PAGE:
People's Judge

People’s Judge


in the USSR, a judge in the people’s court.

The people’s judge is elected directly by the population of a city district or city on a basis of universal, equal, and direct suffrage. The term of office is five years. Any citizen of the USSR who possesses the right to vote and has reached the age of 25 by the date of the election can be elected a people’s judge. The principle of electing people’s judges makes them periodically accountable to the voters. The voters also have the right to recall people’s judges before their terms expire if their trust has been violated. If several people’s judges are elected in a city district or in a city not divided into districts, the appropriate soviet confirms one of the people’s judges as chairman, or senior judge, and this judge exercises general leadership over the work of the court.

A people’s judge and two people’s assessors constitute the court which by law hears all criminal and civil cases and renders judgment over such cases. The people’s judge presides over court sessions. The people’s judge alone hears cases of administrative offenses that are within the court’s jurisdiction. People’s judges are also given the right to issue decisions to begin criminal proceedings when complaints and statements about the commission of a crime have been submitted to the court. If the circumstances of such a criminal case do not require a special executive session of the court, the people’s judge alone decides the question of arraigning the accused.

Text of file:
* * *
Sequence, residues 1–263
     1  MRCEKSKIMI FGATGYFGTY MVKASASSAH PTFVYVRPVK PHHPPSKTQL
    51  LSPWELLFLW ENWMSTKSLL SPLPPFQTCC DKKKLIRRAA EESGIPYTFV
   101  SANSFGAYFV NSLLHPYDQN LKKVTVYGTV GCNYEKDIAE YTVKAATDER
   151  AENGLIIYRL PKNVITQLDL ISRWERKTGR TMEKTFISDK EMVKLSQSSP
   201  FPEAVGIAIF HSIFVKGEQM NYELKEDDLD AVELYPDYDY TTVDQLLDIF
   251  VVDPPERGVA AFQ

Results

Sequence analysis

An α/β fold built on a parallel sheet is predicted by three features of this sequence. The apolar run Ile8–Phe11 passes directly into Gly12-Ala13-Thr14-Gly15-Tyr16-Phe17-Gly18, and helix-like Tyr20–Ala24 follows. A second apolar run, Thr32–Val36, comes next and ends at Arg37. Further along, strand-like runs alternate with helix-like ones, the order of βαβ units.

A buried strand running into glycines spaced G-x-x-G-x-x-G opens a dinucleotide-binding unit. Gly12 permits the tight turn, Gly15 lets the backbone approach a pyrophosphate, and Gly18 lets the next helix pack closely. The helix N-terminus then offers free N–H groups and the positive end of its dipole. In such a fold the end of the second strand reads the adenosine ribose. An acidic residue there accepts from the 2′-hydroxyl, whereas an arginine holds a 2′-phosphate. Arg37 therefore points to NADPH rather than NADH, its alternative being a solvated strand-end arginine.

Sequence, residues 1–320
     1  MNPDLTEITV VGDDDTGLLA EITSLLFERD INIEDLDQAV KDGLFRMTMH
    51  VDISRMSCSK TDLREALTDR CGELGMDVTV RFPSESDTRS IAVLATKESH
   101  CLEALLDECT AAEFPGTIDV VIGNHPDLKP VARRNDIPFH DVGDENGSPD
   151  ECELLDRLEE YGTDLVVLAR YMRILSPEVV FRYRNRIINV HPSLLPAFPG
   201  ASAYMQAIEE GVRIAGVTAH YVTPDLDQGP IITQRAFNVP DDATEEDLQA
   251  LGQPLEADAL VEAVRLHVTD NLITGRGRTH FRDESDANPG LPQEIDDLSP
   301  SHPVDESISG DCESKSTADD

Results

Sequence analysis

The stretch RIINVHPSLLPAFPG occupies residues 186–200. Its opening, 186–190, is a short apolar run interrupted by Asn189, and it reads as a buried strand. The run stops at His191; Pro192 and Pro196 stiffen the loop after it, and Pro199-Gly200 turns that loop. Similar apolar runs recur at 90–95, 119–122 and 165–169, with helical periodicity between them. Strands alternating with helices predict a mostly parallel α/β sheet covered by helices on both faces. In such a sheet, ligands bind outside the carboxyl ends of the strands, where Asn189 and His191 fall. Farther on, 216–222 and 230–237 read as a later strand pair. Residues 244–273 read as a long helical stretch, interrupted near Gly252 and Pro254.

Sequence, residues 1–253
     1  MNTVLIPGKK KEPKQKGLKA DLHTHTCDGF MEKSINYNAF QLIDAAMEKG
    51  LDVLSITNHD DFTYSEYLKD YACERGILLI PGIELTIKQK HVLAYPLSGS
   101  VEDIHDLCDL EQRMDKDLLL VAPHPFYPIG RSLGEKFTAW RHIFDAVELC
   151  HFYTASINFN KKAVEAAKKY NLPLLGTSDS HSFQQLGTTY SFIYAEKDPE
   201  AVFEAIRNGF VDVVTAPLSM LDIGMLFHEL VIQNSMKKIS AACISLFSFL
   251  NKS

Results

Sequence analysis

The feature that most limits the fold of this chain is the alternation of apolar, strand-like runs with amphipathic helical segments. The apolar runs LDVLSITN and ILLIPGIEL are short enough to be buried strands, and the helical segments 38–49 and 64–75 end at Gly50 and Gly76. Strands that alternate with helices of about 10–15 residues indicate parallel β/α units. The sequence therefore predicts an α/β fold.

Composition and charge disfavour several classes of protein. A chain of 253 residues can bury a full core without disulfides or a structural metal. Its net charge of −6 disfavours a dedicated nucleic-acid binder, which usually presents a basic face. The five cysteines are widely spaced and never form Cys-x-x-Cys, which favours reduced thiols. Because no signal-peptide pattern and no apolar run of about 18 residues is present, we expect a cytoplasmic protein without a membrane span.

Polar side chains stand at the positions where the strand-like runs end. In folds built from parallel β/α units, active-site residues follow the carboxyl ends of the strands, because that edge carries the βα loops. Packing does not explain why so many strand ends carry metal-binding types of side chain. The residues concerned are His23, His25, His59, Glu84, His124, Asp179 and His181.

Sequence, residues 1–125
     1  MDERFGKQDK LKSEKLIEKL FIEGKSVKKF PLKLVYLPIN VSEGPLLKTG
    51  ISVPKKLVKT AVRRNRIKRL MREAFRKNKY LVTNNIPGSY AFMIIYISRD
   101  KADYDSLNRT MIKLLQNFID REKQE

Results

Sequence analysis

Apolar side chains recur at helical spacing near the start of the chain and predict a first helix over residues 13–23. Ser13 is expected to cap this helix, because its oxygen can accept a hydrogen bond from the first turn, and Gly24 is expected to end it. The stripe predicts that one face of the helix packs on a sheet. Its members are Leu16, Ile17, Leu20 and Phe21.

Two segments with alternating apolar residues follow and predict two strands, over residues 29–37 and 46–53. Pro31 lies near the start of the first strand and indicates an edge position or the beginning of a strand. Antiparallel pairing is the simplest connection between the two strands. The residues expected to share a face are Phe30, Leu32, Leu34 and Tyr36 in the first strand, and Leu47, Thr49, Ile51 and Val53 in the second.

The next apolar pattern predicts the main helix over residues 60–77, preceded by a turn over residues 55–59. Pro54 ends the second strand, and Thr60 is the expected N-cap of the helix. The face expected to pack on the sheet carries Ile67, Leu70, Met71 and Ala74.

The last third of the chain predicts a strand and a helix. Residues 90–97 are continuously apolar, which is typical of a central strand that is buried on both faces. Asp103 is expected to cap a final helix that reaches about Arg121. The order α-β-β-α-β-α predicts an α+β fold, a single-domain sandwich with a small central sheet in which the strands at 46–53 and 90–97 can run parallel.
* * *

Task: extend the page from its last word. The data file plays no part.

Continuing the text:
People’s judges may be brought to criminal accountability, removed from their posts, or arrested only with the consent of the Presidium of the Supreme Soviet of the appropriate Union republic. People’s judges are brought to disciplinary accountability for official crimes in the regularly established manner.

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Opheni Mwayanale -- a correctional officer at Divundu Rehabilitation Centre who enjoys FIFA video games and travelling, amongst others--is the People's judge for the Business category of the Windhoek Lager Ambassador Initiative.
A PEOPLE'S judge for a community justice centre in Liverpool is one step nearer to being appointed.
If he was still on the bench today, he would be called the People's Judge.
Wolfgang Bohme--who read about the Windhoek Lager Ambassador Initiative in the local newspapers--is the first People's Judge of the newly-launched campaign.
Other themes include the assertion that retribution cannot be seen as a communist-orchestrated campaign to discredit noncommunists, as the principles of the "Great Decree" setting up the People's Courts were formulated by Edvard Benes's exiled London government; that communists did try to use the judicial process to attack their political opponents, but largely did not succeed, as the lay people's judges tended to follow the lead of the professional justices, who preserved judicial values; and that the proportion of guilty verdicts fell off sharply as the proportion of Czechs among defendants rose, along with disillusionment at invidious aspects of the process, like the role of denunciation.

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